Tyler Clippard earns save No. 30, becomes third National to reach that mark

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Along the way this season, Tyler Clippard has collected each ball from his saves. It started with No. 1 on a late May night in Philadelphia, after Clippard had served in his former eighth-inning role for weeks to start the season and the Nationals had cycled through closer candidates in Drew Storen’s absence.

On Monday afternoon, Clippard added ball No. 30 to his collection. Save No. 30.

In essentially three months, Clippard reached a round number that only two previous relievers in Nationals history had crossed. Clippard joined teammate Drew Storen (43 saves in 2011) and former Nationals closer Chad Cordero, who did it twice, with the fourth 30-save season in team history.

“It’s a nice feather on the cap,” Clippard said. “I think, more importantly, it’s been fun to contribute to a lot of wins we’ve had this year. That’s the most fun part for me.”

Clippard struck out Josh Vitters to end the Nationals’ 2-1 victory over the Cubs on Monday, sealing the first winning season in D.C. since 1969.

It was an important victory, one that kept the Nationals 6 1/2 games ahead of the Atlanta Braves and made their magic number (a combination of Nationals wins and Braves losses) to clinch the division 22. And the significance was not lost on most in the clubhouse.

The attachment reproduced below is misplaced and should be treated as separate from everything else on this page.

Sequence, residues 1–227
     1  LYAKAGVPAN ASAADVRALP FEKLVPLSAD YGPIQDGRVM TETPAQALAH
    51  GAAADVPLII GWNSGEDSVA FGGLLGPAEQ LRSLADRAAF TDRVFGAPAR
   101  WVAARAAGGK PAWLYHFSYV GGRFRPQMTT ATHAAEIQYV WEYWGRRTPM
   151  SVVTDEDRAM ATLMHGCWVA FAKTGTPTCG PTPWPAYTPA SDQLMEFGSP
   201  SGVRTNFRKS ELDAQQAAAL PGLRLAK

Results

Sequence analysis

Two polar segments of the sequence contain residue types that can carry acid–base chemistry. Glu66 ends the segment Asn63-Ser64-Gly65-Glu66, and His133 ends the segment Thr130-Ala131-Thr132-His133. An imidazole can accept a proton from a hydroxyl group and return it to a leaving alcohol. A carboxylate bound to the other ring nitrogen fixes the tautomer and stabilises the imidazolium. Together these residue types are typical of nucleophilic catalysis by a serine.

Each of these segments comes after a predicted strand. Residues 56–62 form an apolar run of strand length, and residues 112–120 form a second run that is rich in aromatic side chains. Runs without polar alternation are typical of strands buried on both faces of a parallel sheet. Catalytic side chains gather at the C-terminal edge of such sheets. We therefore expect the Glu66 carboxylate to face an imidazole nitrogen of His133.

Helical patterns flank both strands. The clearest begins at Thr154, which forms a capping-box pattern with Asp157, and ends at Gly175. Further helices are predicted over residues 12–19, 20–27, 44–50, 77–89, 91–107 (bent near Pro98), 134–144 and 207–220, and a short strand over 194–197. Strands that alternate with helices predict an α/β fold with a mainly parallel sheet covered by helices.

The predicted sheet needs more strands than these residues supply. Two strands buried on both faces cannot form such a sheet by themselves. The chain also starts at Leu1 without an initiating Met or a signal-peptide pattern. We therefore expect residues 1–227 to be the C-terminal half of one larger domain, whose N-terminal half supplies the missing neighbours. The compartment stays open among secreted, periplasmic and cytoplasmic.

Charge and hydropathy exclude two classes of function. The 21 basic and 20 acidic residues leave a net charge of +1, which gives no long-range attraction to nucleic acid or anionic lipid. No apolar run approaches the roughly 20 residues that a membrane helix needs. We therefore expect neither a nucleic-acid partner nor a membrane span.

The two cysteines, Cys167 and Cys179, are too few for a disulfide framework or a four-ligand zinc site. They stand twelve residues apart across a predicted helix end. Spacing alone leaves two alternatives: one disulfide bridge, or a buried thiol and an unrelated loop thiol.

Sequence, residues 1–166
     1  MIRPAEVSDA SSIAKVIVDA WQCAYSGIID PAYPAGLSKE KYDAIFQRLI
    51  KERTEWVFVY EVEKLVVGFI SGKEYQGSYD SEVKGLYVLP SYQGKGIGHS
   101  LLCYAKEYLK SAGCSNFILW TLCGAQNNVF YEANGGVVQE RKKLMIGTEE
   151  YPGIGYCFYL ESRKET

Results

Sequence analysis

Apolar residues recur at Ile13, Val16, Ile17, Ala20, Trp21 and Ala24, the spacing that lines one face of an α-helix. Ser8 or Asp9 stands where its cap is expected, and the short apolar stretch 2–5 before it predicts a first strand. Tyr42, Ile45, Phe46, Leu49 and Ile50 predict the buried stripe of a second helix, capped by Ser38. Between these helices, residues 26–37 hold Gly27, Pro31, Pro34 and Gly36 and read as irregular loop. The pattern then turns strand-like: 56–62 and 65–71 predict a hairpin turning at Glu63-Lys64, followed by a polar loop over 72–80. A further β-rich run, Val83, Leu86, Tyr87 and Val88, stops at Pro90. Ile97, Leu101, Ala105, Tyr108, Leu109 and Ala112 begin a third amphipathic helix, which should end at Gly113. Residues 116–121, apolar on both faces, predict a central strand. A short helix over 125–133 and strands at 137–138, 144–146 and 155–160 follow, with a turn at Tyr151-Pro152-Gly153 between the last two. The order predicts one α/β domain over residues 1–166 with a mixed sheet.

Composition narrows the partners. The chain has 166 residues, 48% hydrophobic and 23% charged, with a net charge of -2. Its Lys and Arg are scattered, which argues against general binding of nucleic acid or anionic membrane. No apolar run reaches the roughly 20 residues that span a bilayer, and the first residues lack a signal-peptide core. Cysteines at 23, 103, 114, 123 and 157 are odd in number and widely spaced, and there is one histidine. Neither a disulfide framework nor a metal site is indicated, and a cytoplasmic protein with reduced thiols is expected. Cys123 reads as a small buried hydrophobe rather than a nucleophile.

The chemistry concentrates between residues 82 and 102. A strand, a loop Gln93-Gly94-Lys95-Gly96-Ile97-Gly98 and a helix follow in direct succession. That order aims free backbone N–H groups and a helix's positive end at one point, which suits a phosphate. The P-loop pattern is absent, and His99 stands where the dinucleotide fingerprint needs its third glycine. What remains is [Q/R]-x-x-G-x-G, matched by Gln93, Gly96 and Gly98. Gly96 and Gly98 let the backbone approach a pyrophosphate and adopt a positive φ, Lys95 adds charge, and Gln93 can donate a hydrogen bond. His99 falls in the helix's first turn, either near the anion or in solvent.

“That’s a huge amount,” Nationals manager Davey Johnson said of Clippard’s saves. “Because he didn’t close the first five weeks or something. I know he’s counting them.”

“He’s doing great,” said first baseman Adam LaRoche. “For not doing it, and getting thrown to the spot he was, to step up and run with it, he’s doing great. On top of it, Drew’s getting back. I’m looking back and he’s throwing 95, 96, so he’s getting back and able to help out late in games, too. So it’s a pretty lethal combination.”

LaRoche’s point was also one that was not missed. Storen, who missed more than half the season after having a bone chip removed from his right elbow, takes one step closer to a return to form — or better — with each outing. Sean Burnett will be down for a few days, at least, with some elbow tenderness and Storen’s re-emergence as a significant threat late in games continues to be paramount for the Nationals.

On Monday it was Storen who pitched a perfect eighth inning to set things up for Clippard. In 2011 it was the other way around. But by the end of 2012, the Nationals will need both of them to be operating at their best and both will most likely end up closing games. 

Both players will also be arbitration eligible after this season, and while their goals are squarely team-oriented at this point in the season, it’s important to note that those save numbers go a long way in the arbitration process and deciding a player’s salary for the following season. 

“(It’s) impressive,” said third baseman Ryan Zimmerman. “I think (Clippard) and (Storen) were kind of the eighth and ninth inning guys the past couple years. (Clippard’s) been a big part of this team as far as kind of being the closer in the eighth inning.

“Obviously nothing compares to getting the last three outs. It’s the hardest thing to do in this sport. But those two guys, the stuff that they have, the makeups that they have, both of those guys are as good as they come for the eighth and ninth inning.”

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About the Author
Amanda Comak

Amanda Comak

Amanda Comak covers the Washington Nationals and comes to The Washington Times from the Cape Cod Times and after stints with MLB.com and the Amsterdam (N.Y.) Recorder. A Massachusetts native and 2008 graduate of Boston University, Amanda can be reached at acomak@washingtontimes.com and you can follow her on Twitter @acomak.

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